Harry Potter' Bolts HBO Max for Peacock
By Joe Flint and David Marcelis
It might take a wizard to figure out where to stream the "Harry
AT&T Inc.'s HBO Max is losing the Harry Potter franchise on
Aug. 25, less than three months after the streaming service's
launch. The movies will become available on Comcast Corp.'s rival
streaming service Peacock starting in October, the result of an
unusual compromise between the two companies.
All eight "Harry Potter" movies were produced and distributed by
Warner Bros.' studio, which like HBO Max is part of AT&T's
WarnerMedia. But the television rights are held by Comcast's
NBCUniversal, which secured them a time when neither AT&T nor
Comcast had a streaming service in the works.
The franchise's short stay on HBO Max is rare in an industry
where programming deals typically run several years. The only
reason HBO Max got to offer Harry Potter when it launched is that
NBCUniversal agreed to let it have it for a few months while its
Peacock streaming service wasn't yet available nationwide. Peacock
launched on July 15.
NBCUniversal has had the commercial television rights for the
"Harry Potter" movies since 2018, as part of a seven-year deal with
Warner Bros. valued at as much as $250 million. The deal, which was
reached in 2016, also included digital rights, but didn't foresee
the existence of either Peacock or HBO Max.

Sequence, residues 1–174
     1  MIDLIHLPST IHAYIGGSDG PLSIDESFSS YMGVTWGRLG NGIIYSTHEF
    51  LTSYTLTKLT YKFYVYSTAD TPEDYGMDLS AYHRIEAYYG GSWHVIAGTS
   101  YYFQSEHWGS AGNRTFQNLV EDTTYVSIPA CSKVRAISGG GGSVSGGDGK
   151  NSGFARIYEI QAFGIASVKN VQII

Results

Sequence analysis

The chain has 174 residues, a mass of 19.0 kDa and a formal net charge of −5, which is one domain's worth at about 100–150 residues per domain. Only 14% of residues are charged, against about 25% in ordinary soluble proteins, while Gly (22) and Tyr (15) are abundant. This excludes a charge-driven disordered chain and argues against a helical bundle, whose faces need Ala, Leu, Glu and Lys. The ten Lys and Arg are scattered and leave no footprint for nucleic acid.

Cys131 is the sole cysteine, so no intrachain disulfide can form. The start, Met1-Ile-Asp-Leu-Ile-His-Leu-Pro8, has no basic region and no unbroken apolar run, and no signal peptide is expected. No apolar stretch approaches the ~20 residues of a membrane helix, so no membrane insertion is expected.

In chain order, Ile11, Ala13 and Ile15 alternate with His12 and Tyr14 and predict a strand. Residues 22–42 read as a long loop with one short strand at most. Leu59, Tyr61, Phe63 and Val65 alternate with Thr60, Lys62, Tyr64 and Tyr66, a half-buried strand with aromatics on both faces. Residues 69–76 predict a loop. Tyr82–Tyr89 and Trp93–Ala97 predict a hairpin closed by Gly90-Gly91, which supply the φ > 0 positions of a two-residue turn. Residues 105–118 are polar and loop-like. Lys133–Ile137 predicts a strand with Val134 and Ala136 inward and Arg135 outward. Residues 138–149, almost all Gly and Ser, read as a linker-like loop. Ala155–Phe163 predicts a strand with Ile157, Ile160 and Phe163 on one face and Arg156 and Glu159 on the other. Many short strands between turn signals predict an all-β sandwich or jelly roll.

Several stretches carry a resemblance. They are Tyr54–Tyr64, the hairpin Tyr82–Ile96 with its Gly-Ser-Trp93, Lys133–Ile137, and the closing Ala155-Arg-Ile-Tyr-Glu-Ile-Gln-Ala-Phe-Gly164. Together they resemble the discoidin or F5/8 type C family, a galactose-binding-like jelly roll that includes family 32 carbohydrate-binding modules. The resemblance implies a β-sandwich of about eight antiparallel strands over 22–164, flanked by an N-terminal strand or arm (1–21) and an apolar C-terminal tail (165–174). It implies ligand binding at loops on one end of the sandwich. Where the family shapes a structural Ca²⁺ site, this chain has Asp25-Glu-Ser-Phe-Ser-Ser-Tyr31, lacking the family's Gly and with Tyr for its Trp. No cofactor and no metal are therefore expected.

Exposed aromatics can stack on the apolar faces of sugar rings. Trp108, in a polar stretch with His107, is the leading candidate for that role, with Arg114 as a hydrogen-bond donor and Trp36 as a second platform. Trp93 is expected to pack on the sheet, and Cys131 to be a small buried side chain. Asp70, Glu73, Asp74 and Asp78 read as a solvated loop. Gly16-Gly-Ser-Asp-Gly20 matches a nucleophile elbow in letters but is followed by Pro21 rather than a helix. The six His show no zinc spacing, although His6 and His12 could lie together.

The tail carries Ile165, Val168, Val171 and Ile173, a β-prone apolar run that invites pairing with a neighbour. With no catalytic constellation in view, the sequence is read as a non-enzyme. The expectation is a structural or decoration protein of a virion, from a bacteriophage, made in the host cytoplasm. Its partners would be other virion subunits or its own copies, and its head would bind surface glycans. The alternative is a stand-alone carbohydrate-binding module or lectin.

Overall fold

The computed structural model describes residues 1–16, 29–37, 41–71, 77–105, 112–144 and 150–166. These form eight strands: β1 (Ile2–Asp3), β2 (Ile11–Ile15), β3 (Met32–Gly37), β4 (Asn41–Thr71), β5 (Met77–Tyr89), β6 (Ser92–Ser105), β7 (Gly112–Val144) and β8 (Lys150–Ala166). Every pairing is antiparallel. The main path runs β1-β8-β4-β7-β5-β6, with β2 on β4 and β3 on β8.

That NBCUniversal holds the rights to such a big franchise owned
by a rival harks back to the pre-streaming wars era of
entertainment. Now companies such as NBCUniversal and WarnerMedia
primarily seek to make and keep content on their own platforms
instead of selling it to the highest bidder, as was the case in the
2016 "Harry Potter" deal.
Earlier this year, WarnerMedia's senior leadership -- including
new Chief Executive Jason Kilar -- reached out to NBCUniversal
Chief Executive Jeff Shell and negotiated a small window for the
"Harry Potter" movies to be shown on HBO Max from its May launch to
In return, Warner Bros. has agreed to a short extension of
NBCUniversal's deal for the movies, people familiar with the matter
The back-and-forth of the "Harry Potter" movies is a testament
to both their popularity and the willingness of two rival companies
that each may have been able to lay claim to the films' streaming
rights to opt for a compromise over a legal fight.
The deal is a win-win, said Frances Manfredi, Peacock's
president of content acquisition and strategy. "We need to be able
to create a level of robust offerings for our viewers and the only
way to get there is to aggregate across studios," she said.
A representative for HBO Max declined to comment.
The Harry Potter movies will stream on Peacock for six months
starting in October. The movies will then again be available on
NBCU's cable channels including USA and Syfy. The movies are
expected to resurface on Peacock eventually as well.
The companies could negotiate an eventual return to HBO Max for
the "Harry Potter" movies, the people familiar with the matter
said, though there is no agreement in place to do so.
Write to Joe Flint at firstname.lastname@example.org and David Marcelis at
(END) Dow Jones Newswires
August 05, 2020 12:14 ET (16:14 GMT)
Copyright (c) 2020 Dow Jones & Company, Inc.
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